The menopause is the end of menstruation when the ovaries stop producing an egg every four weeks. It usually takes place around the age of 50 but can happen as early as 30 in some women, this is known as premature menopause and can be managed by your GP if symptoms are troubling you. Menopause that occurs before the age of 45 is known as early menopause.
The menopause happens when the female sex hormone oestrogen decreases, causing the ovaries to stop producing an egg each month. The monthly period stops because low hormone levels mean the lining of the womb is no longer stimulated, so a woman is unlikely to get pregnant after this point.
For some women, the menopause can occur before the age of 40. This is known as premature ovarian failure and has varying levels of severity. Some women suffering from this condition may still experience ovarian function from time to time, have the occasional period and may still be able to conceive.
Premature ovarian failure can occur after a hysterectomy, radiotherapy or chemotherapy. It could also be caused by some infections like tuberculosis, mumps, malaira or chickenpox, or certain medical conditions such as Autoimmune disease, Turner’s syndrome, Down’s syndrome, enzyme deficiencies or an underactive thyroid gland.
The menopause has a variety of symptoms. These can be worse if the menopause comes on suddenly and usually last anywhere between two and five years before dissapearing. Some, such as vaginal dryness, can worsen with age. They affect about 70 per cent of women and many people notice them when they are pre-menopause and still having periods as the hormone production gradually goes into decline.
Possible menopausal symptoms can include:
A change in the pattern of your periods, where the flow and frequency will vary from your norm
Hot flushes and night sweats
Sudden mood changes (in particular depression, anxiety or fatigue)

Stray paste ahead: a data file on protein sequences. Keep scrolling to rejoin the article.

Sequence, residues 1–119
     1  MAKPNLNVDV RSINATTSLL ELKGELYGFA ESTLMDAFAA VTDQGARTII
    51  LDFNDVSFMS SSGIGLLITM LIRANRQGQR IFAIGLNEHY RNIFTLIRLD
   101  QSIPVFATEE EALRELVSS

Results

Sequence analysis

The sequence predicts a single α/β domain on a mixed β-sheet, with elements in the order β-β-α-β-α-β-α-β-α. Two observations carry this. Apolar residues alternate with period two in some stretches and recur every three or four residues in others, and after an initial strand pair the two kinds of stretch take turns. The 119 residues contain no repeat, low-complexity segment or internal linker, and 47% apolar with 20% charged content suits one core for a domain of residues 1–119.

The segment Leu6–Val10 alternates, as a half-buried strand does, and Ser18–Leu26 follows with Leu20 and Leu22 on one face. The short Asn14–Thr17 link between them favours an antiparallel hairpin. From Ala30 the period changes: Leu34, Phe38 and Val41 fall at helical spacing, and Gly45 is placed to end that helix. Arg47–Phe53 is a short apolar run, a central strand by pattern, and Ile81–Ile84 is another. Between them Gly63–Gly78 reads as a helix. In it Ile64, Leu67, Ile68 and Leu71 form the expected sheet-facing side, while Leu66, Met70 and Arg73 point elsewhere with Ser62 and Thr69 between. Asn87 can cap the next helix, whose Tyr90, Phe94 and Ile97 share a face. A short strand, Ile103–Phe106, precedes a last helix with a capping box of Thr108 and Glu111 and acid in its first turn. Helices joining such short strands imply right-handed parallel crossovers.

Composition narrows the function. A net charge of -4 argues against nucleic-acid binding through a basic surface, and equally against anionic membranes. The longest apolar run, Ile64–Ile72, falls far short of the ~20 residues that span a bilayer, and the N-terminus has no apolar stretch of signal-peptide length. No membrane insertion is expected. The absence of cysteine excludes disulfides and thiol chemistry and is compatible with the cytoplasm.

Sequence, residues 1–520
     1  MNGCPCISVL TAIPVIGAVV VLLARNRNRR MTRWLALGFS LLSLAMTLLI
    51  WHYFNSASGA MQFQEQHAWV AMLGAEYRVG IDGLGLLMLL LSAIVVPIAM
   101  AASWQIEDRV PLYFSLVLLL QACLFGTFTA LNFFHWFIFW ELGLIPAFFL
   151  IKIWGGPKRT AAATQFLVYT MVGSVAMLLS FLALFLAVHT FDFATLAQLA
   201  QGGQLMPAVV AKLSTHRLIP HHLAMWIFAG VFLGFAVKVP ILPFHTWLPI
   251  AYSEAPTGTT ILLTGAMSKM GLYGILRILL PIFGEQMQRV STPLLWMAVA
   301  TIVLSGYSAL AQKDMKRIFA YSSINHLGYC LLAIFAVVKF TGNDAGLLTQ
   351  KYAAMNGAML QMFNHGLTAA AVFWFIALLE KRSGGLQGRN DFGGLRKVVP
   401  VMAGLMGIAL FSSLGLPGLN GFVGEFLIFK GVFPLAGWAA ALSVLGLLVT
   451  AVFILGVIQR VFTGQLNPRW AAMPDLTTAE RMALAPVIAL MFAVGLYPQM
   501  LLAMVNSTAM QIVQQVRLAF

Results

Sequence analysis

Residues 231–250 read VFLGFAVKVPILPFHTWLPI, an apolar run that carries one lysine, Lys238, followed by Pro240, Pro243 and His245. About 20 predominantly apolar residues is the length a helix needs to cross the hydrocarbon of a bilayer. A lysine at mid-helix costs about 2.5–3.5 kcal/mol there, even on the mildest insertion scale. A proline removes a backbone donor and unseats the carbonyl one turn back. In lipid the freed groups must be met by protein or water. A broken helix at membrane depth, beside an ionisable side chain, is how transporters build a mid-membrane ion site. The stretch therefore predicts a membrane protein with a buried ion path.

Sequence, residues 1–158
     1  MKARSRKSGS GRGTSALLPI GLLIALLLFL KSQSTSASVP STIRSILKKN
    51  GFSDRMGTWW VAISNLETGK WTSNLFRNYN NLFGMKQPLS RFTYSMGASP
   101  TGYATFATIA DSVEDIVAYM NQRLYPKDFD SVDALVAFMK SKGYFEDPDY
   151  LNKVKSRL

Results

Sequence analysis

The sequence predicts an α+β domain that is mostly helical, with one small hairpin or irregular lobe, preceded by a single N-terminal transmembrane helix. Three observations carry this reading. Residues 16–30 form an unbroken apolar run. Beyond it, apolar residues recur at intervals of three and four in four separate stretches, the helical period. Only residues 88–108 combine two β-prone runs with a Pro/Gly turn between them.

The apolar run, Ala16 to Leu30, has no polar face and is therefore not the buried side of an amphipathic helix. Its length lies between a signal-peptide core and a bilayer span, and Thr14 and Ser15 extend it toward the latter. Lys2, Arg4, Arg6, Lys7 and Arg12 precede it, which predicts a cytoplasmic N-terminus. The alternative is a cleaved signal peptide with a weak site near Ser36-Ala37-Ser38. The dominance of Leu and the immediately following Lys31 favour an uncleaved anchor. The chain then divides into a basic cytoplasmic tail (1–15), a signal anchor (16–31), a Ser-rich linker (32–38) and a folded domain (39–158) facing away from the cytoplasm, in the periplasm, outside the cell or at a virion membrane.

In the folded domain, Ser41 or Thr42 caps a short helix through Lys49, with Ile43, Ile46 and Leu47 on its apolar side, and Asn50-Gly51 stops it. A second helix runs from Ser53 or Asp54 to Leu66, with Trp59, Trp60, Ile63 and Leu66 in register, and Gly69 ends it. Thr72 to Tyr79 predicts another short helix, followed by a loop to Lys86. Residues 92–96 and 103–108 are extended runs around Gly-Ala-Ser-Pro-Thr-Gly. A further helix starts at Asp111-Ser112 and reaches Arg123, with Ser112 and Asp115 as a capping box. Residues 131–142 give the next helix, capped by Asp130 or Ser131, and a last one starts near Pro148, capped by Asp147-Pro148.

Loss of libido
Vaginal dryness and discomfort during sex
As going through the menopause is a natural part of ageing, many women don’t need treatment and find they can manage the menopause effectively using home remedies. However for those whose symptoms are more severe, there are a range of different treatment options available. These include:
This works by replenishing the body’s levels of oestrogen, which naturally decrease with the approach and onset of the menopause. It is effective in treating a range of symptoms including hot flushes and night sweats and vaginal pain and dryness, as well as urinary tract infections such as cyctitis.
Tibolone is a man made hormone which has the same effect on the body as hormone replacement therapy. As well as treating hot flushes, vaginal dryness and urine infections, it can also be effective in improving sex drive. It may be recommended to post-menopausal women who want to stop their periods all together.
Vaginal lubricants are a safe and effective way of combating symptoms such as vaginal dryness or discomfort during sex, and can be prescribed by your GP.
If you reach the menopause without suffering from severe symptoms, you may be able to ease your symptoms at home by making small changes to your lifestlye rather than by taking medication. Helpful changes can include:
As oestrogen levels fall, the amount of calcium in your bones decreases making them more likely to fall into bad health. You can combat this and ensure you keep your bones healthy by eating a balanced diet of all the food groups. Fruit and vegetables, as well as a small portion of dairy such as yoghurt or low-fat milk, will all help ease menopausal symptoms. It is recommended that your intake of calcium be between 400mg and 700mg for optimal bone health during the menopause.
As your muscle mass decreases during the menopause your body may start to need less calories, meaning you might start to put on weight if you fail to make small changes to your diet and exercise routine. Regular exercise ensures your body stays fit and healthy during and after the menopause. Aerobic exercises such as walking, running, cycling and swimming may be particulary useful for maintaining muscle mass and bone strength.
Although not necessarily severe enough to warrant medical intervention, some menopausal symptoms like hot flushes and night sweats can be extremely uncomfortable to live with, and can cause mood changes and sleep problems in some women.
To ease hot flushes and sweats, it can often help to wear light cotton clothing and keep your house cool at night. Taking regular exercise, reducing your stress levels and avoiding potential triggers (such as spicy food and caffeine) can also help.
Avoiding exercise late in the day and ensuring you go to sleep at the same time every night can help ease issues with sleep and insomnia, and getting plently of rest can also help to improve mood swings, as well as taking time out for relaxing activites such as yoga and tai chi.